The People Who Walk in Darkness

The People Who Walk in Darkness
6th and San Pedro
Midnight Mission on the left. Central City Community Church of the Nazarene on the right.

I finally got around to reading Alex Ross’ piece in The New Yorker entitled, “Handel’s ‘Messiah’ On Skid Row.” I almost missed it. As is apt to happen with a relentless subscription to that weekly magazine, one day you set an issue by the reading chair with good intentions only to come home from work to find next week’s edition in the mailbox. This morning’s providence allowed me to pick up the January 1 edition rather than the January 15.

The article begins by telling the story of Brian Palmer, a formerly homeless man, who would sing “The People That Walked in Darkness” with the Street Symphony. The Street Symphony is a group of professional musicians who work with homeless, mentally ill and incarcerated people. They annually perform an abbreviated version of George Frideric Handel’s oratorio, “The Messiah” at the Midnight Mission at 6th and San Pedro, on Skid Row, Los Angeles, CA.

The People That Walked in Darkness” is a bass aria from “The Messiah” named from a line in Isaiah. “The people that walked in darkness have seen a great light: they that dwell in the land of the shadow of death, upon them hath the light shined.” —Isaiah 9:2 (KJV)

Several years ago I had an opportunity to attend Karaoke Night at Central City Community Church of the Nazarene which meets directly across 6th Street from the Midnight Mission (see the photo above). I’ll not write much specifically about that experience here. I will say that it remains one of the 5 or 6 spiritual touchstones in my life continually returning to mind to anchor my journey and focus my call. (Watch this video about Karaoke Night. It’ll be the best thing you see all day. It might as well have been filmed on the night we visited. The memories of that evening nearly a decade ago all come flooding back to me when I watch it. I recognized many of the people featured.

Ross observes something we should all recognize in ourselves: “Spiritual homilies, whether in the form of venerable religious texts or recovery literature, have a way of seeming corny until a crisis arrives, at which point they take on the force of breaking news. That explains why line after line of “Messiah” felt especially acute on Skid Row.” Our world and the ways we engage with it form us to be cynical. Often, it’s our only defense mechanism. So if we hear something that sounds too sweet or perfect or warm, we often write it off as “corny.” But there are times when the still small voice of actual truth finds its way through the noise of our self-centered and overly protective cynicism. Our hearts melt when exposed to the living and breathing presence of God in a stranger. Epiphany! And it is difficult to unsee what we just saw or un-experience what just changed our lives.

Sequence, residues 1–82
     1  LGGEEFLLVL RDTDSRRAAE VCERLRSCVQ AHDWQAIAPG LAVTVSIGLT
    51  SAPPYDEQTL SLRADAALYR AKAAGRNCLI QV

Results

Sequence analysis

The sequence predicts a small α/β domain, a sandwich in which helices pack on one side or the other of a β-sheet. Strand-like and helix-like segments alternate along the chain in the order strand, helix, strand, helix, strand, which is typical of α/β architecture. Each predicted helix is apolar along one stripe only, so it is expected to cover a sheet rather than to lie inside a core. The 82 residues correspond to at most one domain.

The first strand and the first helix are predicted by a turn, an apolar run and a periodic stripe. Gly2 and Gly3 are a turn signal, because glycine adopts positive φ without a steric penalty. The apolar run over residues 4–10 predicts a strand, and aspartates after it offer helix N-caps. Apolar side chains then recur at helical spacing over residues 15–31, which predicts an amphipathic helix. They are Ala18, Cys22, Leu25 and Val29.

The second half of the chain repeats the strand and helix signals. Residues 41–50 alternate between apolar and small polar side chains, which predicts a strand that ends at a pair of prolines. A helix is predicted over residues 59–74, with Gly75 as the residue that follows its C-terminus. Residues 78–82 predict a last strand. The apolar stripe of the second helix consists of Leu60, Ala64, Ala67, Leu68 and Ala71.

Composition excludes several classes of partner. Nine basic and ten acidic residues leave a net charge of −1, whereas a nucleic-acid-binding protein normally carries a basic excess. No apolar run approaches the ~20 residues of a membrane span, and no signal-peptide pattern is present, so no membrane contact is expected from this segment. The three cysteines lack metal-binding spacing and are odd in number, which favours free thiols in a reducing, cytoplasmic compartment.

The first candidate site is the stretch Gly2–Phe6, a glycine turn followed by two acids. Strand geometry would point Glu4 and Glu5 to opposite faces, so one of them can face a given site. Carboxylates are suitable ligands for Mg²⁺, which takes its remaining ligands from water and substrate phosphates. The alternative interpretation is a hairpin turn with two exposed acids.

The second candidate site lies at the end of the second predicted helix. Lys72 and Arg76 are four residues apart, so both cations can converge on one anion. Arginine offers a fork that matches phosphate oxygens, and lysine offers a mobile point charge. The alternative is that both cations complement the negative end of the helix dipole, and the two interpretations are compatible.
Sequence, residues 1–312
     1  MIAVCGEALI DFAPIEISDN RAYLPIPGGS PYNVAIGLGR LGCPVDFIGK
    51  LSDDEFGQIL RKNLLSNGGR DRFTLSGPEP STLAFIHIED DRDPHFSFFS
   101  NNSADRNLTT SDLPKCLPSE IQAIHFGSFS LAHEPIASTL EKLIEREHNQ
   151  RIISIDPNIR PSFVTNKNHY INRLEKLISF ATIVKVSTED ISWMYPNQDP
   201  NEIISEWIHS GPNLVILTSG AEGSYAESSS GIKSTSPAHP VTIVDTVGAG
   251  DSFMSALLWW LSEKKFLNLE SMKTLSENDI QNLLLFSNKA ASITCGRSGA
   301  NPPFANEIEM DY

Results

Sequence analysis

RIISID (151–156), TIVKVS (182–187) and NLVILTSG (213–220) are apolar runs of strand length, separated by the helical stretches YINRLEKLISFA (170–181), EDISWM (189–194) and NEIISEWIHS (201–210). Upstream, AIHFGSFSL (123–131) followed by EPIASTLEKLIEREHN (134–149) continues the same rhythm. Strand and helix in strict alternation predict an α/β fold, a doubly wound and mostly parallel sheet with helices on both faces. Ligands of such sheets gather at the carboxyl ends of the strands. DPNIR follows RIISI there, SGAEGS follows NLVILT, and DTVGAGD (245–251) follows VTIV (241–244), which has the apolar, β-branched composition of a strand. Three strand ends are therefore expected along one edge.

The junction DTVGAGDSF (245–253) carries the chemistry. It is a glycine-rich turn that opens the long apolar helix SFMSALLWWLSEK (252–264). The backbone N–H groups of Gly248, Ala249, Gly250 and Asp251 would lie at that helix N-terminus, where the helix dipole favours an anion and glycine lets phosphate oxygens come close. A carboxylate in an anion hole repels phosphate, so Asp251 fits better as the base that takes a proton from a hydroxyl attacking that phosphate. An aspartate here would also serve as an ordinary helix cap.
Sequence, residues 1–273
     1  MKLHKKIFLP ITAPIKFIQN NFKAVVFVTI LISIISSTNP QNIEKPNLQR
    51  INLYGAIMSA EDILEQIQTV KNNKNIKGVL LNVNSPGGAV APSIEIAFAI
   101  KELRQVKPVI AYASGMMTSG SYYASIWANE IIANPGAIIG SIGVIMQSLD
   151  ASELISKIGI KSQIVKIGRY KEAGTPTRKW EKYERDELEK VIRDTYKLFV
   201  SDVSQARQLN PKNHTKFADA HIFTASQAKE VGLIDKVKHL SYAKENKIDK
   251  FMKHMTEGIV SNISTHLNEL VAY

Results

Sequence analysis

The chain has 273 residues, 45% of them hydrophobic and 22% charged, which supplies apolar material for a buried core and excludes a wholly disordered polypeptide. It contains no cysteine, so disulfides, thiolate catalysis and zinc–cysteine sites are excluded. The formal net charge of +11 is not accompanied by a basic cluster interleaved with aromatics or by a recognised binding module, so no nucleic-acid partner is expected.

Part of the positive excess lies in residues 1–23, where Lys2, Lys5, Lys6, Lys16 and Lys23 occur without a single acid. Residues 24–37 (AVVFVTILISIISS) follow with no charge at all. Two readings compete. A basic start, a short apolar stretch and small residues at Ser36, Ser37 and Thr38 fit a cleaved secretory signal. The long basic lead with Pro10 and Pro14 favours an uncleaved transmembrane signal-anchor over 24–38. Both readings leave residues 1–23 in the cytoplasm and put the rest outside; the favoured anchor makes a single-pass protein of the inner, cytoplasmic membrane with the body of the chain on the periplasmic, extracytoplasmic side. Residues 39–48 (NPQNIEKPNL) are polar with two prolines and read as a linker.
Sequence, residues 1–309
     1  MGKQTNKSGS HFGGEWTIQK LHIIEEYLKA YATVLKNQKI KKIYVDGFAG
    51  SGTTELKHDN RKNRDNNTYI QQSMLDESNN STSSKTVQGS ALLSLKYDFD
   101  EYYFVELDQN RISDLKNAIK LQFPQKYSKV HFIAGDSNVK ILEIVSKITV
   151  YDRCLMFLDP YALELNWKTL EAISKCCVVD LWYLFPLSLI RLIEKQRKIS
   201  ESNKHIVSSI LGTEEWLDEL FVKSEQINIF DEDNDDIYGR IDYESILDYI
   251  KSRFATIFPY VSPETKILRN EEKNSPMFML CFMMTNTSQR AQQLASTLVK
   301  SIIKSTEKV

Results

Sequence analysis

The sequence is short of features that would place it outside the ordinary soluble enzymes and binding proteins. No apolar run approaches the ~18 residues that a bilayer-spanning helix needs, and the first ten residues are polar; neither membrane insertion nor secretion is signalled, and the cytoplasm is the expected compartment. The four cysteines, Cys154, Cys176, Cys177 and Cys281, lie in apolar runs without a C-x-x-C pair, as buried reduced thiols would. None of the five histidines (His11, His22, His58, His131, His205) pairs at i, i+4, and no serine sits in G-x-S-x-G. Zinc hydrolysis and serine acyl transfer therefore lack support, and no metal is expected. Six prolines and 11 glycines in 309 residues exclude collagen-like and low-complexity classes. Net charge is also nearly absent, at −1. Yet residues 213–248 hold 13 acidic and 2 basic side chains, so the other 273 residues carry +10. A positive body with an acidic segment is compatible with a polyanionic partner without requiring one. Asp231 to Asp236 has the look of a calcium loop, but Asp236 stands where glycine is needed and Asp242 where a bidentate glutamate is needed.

Ross’ entire article is an account of such an epiphany. But it closes with lines that point to what I think to be a common and critical mistake. The writer confesses that “The spell dissolves when you leave the Midnight Mission. The people that walked in darkness are still there. Hard stares greet you as you proceed to your car. This feeling is, if anything, even worse than the one that hits you going in. The entire experience is at once exalting and crushing, luminous and bleak.” What Ross fails to recognize is that the residents of Skid Row aren’t the only ones walking in darkness. Ross seems to assume a return to the vehicle and the real world is a return to the light.

What had actually happened was that Ross stepped out of the darkness of routine, selective attention, and pretensions of enlightenment into the light shining forth at Midnight Mission in the heart of Skid Row. Suddenly Handel’s “Messiah” was transformed from a mere seasonal cliche into a glorious proclamation of the gospel of the Kingdom of God sung by a heavenly choir. It was a light that dismissed the shadows of class and racism and addictions for a moment allowing human beings to see other human beings. And when we see each other, our natural inclination is to lift each other up. We are all in it together. Common good. Common humanity. Love.

I am fully aware of the real and complex problems we must confront in our fallen world. Addictions are debilitating whether they be chemical, physical, material, or emotional. Racism deforms all human beings: the victims and the racists. Darkness blinds us all regardless of our address or lack thereof.

On this day we’ve set aside to remember the work of Martin Luther King, its good to recognize that we are celebrating just such a proclamation of the news of God’s intentions for God’s creation. All of us who walked in darkness saw that great light in Dr. King’s prophetic announcements of justice and peace. And on this day, we can recognize just how easily and quickly we return to the darkness of injustice and inequality. This is a day to remind us of the great light and how quickly we turn away from it.